The Nanny Diaries

If you ever sat through an anthropology class and dreaded every minute of it, do yourself a favor and skip “The Nanny Diaries”. Shari Springer Berman and Robert Pulcini‘s adaptation of the best-selling novel cries out for laughs and surprises, mostly trying to score as a social satire but unequivocally failing to do so. All we’re left with in the end is a 106-minute humdrum case study of how New York’s Upper East Side moms hideously miseducate their children.

In case you let the trailers fool you and come to the movie expecting a hilarious comedy, you’re in for a major disappointment. There’s not a single scene in the movie that will provoke more than a forced smile, and that’s mostly because nothing happens. Even Scarlett Johansson, who for many moviegoers is reason alone to put up with pretty much anything, looks mostly lost and confused, wrestling with a role that just doesn’t fit her.

Johansson stars as Annie Braddock, a small-town business graduate with no specific career plans, no goals and frankly, no ambition. She thinks it’s time for her to leave home, but she’s too afraid of the unknown. She likes anthropology, and prefers to look at the world the same way she looks at exhibits in the Museum of Natural History. Comfortable, isn’t it?

But when she gets a shot at a job in Manhattan, Annie digs up some courage and rushes to an interview at Goldman Sachs. Things don’t turn out the way she expected, and next thing she’s sitting at Central Park drowning in self-pity. That’s when she accidentally runs into young Grayer, whose mom Mrs. X (Laura Linney) is in desperate need for a new nanny. And before Annie gets the chance to say anything, she’s hired.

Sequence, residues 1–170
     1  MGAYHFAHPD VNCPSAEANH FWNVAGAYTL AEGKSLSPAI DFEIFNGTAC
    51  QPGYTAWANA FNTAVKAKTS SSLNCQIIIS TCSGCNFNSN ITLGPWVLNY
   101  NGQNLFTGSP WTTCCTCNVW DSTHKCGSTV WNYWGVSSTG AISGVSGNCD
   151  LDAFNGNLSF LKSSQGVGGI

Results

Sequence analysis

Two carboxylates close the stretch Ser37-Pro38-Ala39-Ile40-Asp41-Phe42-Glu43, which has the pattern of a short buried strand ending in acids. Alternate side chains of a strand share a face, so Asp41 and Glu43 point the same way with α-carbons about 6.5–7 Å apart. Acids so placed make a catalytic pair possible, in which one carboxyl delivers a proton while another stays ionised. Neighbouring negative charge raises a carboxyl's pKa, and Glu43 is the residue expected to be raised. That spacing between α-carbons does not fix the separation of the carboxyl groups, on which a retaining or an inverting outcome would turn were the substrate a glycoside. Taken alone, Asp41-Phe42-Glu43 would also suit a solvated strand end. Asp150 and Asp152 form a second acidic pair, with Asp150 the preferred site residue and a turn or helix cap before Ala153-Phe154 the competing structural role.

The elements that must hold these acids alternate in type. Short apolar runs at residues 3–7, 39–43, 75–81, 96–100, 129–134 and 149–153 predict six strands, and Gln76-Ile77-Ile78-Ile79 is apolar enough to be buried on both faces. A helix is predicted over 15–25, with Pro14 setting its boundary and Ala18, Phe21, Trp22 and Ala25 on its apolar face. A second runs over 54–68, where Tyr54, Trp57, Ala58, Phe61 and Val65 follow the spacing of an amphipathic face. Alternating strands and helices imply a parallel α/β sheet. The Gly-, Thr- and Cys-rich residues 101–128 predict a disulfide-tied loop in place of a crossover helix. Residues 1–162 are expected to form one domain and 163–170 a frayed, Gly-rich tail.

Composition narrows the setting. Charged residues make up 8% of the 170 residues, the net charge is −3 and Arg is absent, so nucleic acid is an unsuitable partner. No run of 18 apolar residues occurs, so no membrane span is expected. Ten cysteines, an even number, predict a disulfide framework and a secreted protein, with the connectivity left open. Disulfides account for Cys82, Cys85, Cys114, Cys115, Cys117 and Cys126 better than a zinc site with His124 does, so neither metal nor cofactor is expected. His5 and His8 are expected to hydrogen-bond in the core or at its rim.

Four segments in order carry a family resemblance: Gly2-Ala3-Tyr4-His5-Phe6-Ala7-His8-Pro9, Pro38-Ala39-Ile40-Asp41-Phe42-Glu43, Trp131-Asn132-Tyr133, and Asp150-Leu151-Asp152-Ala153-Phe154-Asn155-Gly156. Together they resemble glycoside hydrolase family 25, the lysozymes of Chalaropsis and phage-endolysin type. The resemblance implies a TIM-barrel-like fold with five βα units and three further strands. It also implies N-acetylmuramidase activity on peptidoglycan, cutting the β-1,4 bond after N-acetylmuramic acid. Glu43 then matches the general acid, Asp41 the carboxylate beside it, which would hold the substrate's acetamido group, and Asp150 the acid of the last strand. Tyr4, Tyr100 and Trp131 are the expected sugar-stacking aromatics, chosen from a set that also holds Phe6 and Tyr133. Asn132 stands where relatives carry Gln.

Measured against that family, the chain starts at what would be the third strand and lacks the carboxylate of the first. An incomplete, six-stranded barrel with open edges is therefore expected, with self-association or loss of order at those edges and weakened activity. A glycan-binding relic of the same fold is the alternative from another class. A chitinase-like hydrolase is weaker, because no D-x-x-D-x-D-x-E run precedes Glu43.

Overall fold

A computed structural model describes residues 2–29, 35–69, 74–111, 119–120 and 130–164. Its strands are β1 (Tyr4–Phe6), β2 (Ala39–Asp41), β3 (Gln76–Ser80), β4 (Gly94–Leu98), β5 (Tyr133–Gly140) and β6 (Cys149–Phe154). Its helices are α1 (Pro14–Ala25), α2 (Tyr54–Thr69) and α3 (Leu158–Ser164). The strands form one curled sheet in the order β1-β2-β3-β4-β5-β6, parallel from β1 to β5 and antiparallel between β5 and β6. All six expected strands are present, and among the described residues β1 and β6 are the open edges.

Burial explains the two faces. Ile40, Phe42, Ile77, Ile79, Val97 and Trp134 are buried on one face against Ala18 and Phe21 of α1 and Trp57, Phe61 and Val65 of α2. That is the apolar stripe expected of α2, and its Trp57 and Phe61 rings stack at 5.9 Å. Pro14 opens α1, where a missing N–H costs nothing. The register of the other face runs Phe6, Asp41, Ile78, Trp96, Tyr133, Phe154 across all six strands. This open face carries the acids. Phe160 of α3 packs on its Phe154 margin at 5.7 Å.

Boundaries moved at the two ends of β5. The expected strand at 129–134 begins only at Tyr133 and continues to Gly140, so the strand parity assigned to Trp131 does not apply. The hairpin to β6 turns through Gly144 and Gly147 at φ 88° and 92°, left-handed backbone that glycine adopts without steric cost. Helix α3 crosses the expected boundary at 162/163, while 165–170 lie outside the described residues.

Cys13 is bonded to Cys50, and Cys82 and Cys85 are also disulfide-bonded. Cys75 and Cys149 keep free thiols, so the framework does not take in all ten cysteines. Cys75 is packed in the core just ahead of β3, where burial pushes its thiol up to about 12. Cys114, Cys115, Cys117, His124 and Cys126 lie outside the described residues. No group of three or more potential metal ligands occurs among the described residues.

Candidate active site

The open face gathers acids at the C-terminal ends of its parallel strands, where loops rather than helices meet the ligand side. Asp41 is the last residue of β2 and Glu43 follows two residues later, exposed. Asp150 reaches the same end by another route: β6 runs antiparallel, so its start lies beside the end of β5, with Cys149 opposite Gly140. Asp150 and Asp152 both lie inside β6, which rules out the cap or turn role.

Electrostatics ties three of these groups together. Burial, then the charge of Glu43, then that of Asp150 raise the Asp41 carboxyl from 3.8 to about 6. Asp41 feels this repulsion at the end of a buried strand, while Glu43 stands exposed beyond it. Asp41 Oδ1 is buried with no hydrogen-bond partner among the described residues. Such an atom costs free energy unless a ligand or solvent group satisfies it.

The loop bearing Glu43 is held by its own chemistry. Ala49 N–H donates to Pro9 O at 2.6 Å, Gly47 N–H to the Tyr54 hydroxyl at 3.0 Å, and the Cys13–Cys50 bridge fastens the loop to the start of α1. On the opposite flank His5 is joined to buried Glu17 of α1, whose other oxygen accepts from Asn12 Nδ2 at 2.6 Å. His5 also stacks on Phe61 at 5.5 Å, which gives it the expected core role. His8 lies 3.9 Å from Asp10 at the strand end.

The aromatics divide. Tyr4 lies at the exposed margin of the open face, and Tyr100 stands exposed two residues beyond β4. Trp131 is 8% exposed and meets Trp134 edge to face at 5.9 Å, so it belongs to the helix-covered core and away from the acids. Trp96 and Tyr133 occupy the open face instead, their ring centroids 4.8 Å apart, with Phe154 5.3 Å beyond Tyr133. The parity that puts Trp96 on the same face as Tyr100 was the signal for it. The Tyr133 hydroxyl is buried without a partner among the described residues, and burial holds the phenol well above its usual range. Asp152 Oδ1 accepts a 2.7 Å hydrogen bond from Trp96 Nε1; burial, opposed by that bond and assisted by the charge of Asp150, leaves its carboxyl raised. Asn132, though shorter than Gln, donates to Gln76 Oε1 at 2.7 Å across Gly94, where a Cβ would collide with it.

And that’s all for that. What follows is Annie observing Mrs. X’s unacceptable lifestyle and following her everyday commands. In addition to that, there’s the kid to look after, the ominous Mr. X (Paul Giamatti) to avoid, and the attractive next-door neighbor “Harvard Hottie” (Chris Evans) to turn down, since the mistress literally forbids the nanny to engage in a social life.

Yes, all she does is observing, and yes, that’s what anthropologists often do. Expect Annie to stand up to Mrs. X’s terror? Not this time. In this movie, nanny gets an order, nanny delivers, and if yelled at, nanny sits back and looks mousy. At the center of the plot lies Annie’s quest for self-confidence, and in this regard, the movie completes its mission. It is great for Annie to find herself, but is it equally exciting for us to watch her succeed? I don’t think so.

Johansson usually delivers a fabulous performance in pretty much any project she stars, but here she portrays a character that’s slightly too diffident for her standards. Linney, on the other hand, is a perfect casting choice for the tough role of Mrs. X, and eight-year-old Nicholas Art couldn’t be better as the little kid who wins the nanny’s heart. Chris Evans only has a few moments not to impress, and Alicia Keys‘ role as Annie’s buddy is completely unnecessary.

Pulcini and Bergman crafted a true masterpiece with “American Splendor,” so it’s all the more mysterious to me why they chose to take on a project with such a strong lack of subtlety and depth. Calling “The Nanny Diaires” a total bore would be unfair though, and the film indeed comprises a selection of watchable scenes and dialogue, particularly between Annie and Gayor. A cheesy soundtrack and banal direction don’t help make these diaries more intriguing. Where was Mary Poppins when we needed her most?

Review by Franck Tabouring